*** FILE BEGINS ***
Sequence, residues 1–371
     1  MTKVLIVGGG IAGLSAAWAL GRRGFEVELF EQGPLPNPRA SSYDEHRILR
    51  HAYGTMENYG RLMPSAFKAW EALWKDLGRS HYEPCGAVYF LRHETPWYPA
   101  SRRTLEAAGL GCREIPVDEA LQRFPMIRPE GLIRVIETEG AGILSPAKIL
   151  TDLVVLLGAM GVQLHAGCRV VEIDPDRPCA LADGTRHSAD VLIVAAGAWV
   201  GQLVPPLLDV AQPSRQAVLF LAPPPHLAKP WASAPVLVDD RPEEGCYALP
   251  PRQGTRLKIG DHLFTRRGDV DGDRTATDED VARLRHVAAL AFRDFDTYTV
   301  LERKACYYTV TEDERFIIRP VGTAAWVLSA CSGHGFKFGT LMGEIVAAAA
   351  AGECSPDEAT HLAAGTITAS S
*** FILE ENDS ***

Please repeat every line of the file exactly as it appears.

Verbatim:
Sequence, residues 1–371
     1  MTKVLIVGGG IAGLSAAWAL GRRGFEVELF EQGPLPNPRA SSYDEHRILR
    51  HAYGTMENYG RLMPSAFKAW EALWKDLGRS HYEPCGAVYF LRHETPWYPA
   101  SRRTLEAAGL GCREIPVDEA LQRFPMIRPE GLIRVIETEG AGILSPAKIL
   151  TDLVVLLGAM GVQLHAGCRV VEIDPDRPCA LADGTRHSAD VLIVAAGAWV
   201  GQLVPPLLDV AQPSRQAVLF LAPPPHLAKP WASAPVLVDD RPEEGCYALP
   251  PRQGTRLKIG DHLFTRRGDV DGDRTATDED VARLRHVAAL AFRDFDTYTV
   301  LERKACYYTV TEDERFIIRP VGTAAWVLSA CSGHGFKFGT LMGEIVAAAA
   351  AGECSPDEAT HLAAGTITAS S